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Title: Microwave-assisted sequential extraction of polyclic aromatic hydrocarbons and potentially toxic elements from urban environmental solids
Author: Gibson, David
ISNI:       0000 0004 2743 0641
Awarding Body: University of Strathclyde
Current Institution: University of Strathclyde
Date of Award: 2010
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A method has been developed for the sequential extraction and determination of polycyclic aromatic hydrocarbons (PAHs) and potentially toxic elements (PTEs) from urban substrates using microwave-assisted micellar extraction, the BCR sequential extraction procedure (BCR-SEP) and microwave-assisted aqua regia digestion. High performance liquid chromatography - ultraviolet detector was used for the determination of PAH. Flame atomic absorption spectrometry and inductively coupled plasma atomic emission spectrometry were as used for the determination of PTEs. The method was developed using certified reference materials (CRMs) and several urban substrates. The determination of PTE by the developed sequential method was compared to a single step aqua regia digestion, with recoveries of 80.9-107% (without PAH extraction) and 82.3-97.1% (with PAH extraction) and statistical comparison showed no significant differences between these two procedures for most PTE. A significant difference was observed in the determination of manganese, which with extraction using the BCR-SEP was shown to be due to a large fraction of the metal being removed in the water-soluble/ extractable stage and subsequently extracted by the water based micellar extractant. The micellar extracts required clean-up using solid phase extraction and pre-concentration by evaporation under nitrogen for determination of PAH. The analysis was applied to extracts from Glasgow urban substrates for the determination of 16 priority pollutant PAH. The co-elution of two sets of isomers meant only 14 eluates could be readily detected and poor detection for some species also affected detection. Application of the method to a CRM showed low recoveries (7-48 %) of PAH and subsequently the developed method could only be used to screen for these species. The method was applied to urban sediment collected from locations around Glasgow. The highest concentration of the urban metals copper and zinc were observed from a busy city centre street, and also showed the highest relative levels of PAH.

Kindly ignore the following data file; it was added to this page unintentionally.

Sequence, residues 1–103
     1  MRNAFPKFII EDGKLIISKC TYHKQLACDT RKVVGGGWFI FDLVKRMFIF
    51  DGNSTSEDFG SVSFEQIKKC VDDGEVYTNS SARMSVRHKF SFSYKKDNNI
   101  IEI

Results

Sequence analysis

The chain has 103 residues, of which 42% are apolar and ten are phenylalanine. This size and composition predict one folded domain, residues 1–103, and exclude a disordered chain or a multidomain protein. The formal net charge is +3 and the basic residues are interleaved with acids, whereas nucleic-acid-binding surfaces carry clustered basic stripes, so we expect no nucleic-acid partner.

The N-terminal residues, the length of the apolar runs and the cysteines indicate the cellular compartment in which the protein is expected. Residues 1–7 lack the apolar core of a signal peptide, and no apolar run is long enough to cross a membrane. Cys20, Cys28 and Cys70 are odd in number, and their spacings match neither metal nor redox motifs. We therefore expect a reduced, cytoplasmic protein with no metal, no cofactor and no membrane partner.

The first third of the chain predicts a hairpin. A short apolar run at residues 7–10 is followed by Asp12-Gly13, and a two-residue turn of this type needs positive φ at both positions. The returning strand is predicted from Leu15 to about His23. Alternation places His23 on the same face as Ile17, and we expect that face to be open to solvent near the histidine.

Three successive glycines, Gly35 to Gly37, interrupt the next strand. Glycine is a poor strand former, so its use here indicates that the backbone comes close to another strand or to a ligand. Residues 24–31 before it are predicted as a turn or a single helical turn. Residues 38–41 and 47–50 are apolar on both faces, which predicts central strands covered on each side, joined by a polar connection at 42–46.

Supervisor: Not available Sponsor: Not available
Qualification Name: Thesis (Ph.D.) Qualification Level: Doctoral